Here’s a collection of rad songs from late January and early February. Enjoy!
1. “Motown” – Light Beam Rider. This remarkable track sounds like Mare Vitalis-era Appleseed Cast fronted by I’m Wide Awake, It’s Morning-era Conor Oberst. If that doesn’t get your blood pumping, I don’t know what will.
2. “Moonlight” – Jack the Radio. Here’s some earthy-yet-cinematic Southern rock that appeals more to the Drive-by Truckers sort than the Skynyrd sort.
3. “Can’t Get Control” – Serfs. Empirical proof that if you speed up a post-rock song, you don’t get a punk song–you get something else.
4. “Temporary Solution” – Dear Blanca. The frantic, adrenaline-fueled alt-country of previous releases has been tempered by walking-speed impulses–Dylan Dickerson’s voice is no less ragged and raw, though. It’s powerful in a new sort of way for Dear Blanca.
5. “Optimist” – Wanderwild. Pad synths, wide-open guitar riffs and surging drums has been a winning formula since early U2 work, and it ain’t stopping now.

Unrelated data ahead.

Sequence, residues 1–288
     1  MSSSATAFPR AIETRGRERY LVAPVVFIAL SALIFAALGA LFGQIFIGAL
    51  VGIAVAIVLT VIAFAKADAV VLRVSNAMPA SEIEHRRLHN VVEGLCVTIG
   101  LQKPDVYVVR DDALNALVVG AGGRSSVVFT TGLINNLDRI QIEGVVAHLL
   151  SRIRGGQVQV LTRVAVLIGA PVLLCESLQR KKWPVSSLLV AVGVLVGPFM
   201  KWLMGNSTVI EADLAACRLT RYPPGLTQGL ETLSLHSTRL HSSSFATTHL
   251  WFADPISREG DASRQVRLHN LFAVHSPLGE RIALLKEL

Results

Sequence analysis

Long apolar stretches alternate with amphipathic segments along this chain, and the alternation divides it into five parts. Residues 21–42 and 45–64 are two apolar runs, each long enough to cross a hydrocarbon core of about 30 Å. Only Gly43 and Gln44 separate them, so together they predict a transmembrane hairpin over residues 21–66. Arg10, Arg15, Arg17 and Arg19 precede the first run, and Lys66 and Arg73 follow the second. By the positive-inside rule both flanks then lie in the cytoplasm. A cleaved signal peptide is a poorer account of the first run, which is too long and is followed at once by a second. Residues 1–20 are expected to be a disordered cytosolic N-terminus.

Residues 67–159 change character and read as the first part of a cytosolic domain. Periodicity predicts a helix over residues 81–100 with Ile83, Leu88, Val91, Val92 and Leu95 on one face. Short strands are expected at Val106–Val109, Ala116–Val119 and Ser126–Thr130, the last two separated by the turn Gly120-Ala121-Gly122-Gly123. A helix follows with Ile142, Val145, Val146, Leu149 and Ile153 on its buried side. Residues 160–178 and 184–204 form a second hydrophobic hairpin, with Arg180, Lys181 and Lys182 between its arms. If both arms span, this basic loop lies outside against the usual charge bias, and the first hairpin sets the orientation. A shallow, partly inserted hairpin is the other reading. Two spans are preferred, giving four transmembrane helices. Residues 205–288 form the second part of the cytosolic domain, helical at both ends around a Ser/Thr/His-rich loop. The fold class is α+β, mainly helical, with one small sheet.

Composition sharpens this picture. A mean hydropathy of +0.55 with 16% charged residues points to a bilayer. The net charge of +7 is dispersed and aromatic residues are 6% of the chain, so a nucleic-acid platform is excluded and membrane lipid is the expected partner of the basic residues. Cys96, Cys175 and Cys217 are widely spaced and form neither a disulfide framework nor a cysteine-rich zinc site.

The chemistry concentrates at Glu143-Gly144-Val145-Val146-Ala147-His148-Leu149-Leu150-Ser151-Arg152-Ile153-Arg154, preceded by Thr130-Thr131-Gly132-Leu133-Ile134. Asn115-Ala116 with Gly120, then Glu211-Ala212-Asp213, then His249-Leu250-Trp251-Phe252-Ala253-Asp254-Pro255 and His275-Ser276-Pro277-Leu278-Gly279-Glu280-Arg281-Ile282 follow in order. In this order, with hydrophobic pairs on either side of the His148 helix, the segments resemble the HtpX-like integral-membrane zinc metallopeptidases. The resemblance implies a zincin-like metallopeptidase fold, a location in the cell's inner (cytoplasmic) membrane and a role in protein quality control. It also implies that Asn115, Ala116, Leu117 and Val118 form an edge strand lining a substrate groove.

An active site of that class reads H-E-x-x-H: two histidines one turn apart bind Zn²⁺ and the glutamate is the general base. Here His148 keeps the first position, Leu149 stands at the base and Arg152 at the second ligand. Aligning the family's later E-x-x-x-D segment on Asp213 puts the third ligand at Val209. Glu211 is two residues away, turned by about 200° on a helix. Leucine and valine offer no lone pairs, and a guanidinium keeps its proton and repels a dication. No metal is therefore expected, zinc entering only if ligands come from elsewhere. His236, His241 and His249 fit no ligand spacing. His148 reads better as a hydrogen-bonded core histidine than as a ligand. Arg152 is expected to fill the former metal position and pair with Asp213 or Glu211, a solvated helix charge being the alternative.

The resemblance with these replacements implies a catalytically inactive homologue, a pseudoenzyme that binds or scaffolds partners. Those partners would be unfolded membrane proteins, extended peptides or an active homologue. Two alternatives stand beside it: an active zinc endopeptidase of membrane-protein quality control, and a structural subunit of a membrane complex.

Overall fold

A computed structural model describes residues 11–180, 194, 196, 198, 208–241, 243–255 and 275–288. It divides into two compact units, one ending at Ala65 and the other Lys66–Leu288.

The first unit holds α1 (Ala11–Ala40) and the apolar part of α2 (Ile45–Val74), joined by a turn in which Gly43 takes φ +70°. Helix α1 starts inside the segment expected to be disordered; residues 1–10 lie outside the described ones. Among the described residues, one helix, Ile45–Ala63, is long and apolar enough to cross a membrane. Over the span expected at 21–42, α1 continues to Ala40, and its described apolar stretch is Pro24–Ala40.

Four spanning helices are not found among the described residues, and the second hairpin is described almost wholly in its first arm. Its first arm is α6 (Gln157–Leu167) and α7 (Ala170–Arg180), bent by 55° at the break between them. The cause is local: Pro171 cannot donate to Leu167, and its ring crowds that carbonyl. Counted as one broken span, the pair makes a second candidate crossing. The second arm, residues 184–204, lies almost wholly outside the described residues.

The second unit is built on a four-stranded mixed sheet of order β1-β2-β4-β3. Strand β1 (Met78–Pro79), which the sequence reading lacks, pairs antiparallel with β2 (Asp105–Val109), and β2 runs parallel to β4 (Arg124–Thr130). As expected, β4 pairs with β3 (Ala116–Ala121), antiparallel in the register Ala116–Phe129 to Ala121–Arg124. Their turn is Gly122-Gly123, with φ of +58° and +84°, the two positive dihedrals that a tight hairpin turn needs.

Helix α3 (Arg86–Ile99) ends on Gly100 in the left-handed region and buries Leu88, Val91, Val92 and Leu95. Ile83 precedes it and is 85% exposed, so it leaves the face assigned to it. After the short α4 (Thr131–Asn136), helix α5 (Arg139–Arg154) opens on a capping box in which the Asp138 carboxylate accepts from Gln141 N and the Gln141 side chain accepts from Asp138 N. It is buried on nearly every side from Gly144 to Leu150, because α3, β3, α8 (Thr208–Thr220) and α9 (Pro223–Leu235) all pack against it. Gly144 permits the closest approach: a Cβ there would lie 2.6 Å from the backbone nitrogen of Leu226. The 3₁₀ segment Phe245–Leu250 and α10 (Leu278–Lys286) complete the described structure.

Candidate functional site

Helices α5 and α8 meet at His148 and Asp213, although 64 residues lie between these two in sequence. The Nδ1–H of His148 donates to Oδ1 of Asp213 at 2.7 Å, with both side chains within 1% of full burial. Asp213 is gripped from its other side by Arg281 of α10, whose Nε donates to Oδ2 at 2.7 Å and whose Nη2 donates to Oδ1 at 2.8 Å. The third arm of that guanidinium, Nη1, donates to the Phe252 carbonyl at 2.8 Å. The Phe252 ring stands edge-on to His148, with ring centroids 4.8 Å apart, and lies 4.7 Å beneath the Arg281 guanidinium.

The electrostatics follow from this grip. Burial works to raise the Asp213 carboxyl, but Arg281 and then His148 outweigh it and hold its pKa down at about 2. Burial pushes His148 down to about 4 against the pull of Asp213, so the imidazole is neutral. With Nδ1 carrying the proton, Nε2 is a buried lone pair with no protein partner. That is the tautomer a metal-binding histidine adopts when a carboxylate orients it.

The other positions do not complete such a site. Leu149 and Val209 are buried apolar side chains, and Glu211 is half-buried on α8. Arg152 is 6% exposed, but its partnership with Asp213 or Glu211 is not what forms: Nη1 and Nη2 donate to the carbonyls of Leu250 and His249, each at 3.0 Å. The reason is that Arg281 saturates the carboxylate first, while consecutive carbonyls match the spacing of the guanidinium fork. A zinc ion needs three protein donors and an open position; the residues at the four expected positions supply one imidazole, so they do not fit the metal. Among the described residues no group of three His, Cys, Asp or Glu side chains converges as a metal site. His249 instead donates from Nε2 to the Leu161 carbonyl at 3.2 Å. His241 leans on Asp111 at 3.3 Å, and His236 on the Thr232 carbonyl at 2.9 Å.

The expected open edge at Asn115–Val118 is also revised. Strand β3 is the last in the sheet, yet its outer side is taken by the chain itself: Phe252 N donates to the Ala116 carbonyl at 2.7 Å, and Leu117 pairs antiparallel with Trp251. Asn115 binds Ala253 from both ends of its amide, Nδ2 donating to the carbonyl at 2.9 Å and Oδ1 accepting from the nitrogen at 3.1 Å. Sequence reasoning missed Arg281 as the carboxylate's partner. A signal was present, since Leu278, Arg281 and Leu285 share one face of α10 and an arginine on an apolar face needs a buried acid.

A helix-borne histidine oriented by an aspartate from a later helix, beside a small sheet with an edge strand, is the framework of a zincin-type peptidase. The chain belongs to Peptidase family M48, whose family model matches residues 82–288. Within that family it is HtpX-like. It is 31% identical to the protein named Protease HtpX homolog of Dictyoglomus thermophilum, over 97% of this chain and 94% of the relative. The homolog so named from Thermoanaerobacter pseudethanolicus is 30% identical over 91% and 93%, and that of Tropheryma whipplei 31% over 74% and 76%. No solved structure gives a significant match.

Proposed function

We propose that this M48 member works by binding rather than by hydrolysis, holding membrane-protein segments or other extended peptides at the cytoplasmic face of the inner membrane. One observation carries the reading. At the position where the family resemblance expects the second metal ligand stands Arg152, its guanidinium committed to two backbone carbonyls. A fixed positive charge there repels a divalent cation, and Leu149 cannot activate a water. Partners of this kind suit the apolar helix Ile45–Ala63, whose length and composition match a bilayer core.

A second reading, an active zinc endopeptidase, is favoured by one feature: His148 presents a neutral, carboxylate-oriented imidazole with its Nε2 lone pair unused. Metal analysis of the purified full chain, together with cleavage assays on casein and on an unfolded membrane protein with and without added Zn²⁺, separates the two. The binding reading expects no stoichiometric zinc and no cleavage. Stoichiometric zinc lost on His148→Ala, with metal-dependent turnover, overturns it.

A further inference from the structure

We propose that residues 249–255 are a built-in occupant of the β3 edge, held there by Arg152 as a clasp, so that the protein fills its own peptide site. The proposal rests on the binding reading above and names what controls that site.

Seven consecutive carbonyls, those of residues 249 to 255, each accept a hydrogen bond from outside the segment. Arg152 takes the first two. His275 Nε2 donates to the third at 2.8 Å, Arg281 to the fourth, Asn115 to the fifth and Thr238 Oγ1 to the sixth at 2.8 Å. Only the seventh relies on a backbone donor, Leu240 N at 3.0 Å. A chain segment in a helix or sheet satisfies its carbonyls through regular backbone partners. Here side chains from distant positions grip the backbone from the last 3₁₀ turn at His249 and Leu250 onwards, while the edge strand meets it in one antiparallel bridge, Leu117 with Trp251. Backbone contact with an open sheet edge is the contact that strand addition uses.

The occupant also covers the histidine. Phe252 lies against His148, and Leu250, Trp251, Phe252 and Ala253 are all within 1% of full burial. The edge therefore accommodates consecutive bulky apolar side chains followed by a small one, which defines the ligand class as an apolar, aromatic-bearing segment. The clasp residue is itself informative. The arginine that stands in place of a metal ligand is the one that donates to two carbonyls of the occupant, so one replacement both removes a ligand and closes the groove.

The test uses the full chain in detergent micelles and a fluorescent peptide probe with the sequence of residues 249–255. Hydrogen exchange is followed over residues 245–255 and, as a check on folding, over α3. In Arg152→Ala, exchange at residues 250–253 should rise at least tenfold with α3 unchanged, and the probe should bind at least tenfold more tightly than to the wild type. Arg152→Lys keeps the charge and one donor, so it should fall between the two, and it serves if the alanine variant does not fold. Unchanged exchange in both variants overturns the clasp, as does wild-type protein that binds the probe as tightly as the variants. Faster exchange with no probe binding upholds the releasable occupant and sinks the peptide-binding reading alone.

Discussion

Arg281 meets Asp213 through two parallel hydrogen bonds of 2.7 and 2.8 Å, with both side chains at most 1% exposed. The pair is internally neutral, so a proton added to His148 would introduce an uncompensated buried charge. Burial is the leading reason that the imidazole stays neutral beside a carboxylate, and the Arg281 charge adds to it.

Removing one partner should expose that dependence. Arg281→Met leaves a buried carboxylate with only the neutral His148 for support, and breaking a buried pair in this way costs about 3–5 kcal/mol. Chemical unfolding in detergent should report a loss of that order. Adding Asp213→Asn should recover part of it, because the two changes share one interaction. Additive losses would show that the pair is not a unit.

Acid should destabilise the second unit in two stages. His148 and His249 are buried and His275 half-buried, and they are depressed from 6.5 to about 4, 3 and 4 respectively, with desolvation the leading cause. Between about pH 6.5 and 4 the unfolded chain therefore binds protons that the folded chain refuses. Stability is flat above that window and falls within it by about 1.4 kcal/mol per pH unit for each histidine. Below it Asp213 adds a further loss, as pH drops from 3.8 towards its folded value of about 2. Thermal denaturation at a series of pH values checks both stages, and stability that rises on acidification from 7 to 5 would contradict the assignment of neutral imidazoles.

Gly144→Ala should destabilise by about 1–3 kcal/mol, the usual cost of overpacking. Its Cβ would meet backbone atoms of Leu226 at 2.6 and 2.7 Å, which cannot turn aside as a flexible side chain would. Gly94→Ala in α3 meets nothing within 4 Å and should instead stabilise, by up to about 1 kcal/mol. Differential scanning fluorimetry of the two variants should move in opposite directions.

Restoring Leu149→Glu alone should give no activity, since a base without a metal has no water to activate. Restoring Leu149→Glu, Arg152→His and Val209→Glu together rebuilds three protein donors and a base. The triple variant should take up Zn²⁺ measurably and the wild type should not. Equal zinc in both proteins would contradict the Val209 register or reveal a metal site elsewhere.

6. “Parts Unknown” – Loop Line. This duo marries Beach Boys harmonies and Weezer-esque power-pop to create a chunky, thumping, fun tune.
7. “Citrus” – Animal Daydream. Breezy, gently psychedelic pop reminiscent of ELO, as well as Crosby, Stills, and Nash. Manages somehow to sound as light and cheery as a sunbeam while also being so dense as to fill up every square inch of the track with sound.
8. “Last Night” – The Sherlocks. I think there’s a rule somewhere in the annals of rock and roll that a steady stream of British youth must at all times be forming into yawping, thrashing garage rock bands. The Sherlocks continue in this fine tradition, more The Vaccines than Arctic Monkeys.
9. “Mother Figure” – Logan Hone’s Similar Fashion. Are you adventurous? The opener to the latest album by Logan Hone’s experimental jazz quartet has incredible charms if you’re ready to open your mind a bit. Fans of Colin Stetson will already have their brain open thoroughly wide enough to jam out to this.
10. “Lovers in Conversation” – More Than Skies. Perky horns buoy this folk-rock tune, becoming something like a punk-rock version of Beirut. It’ll put a smile on your face.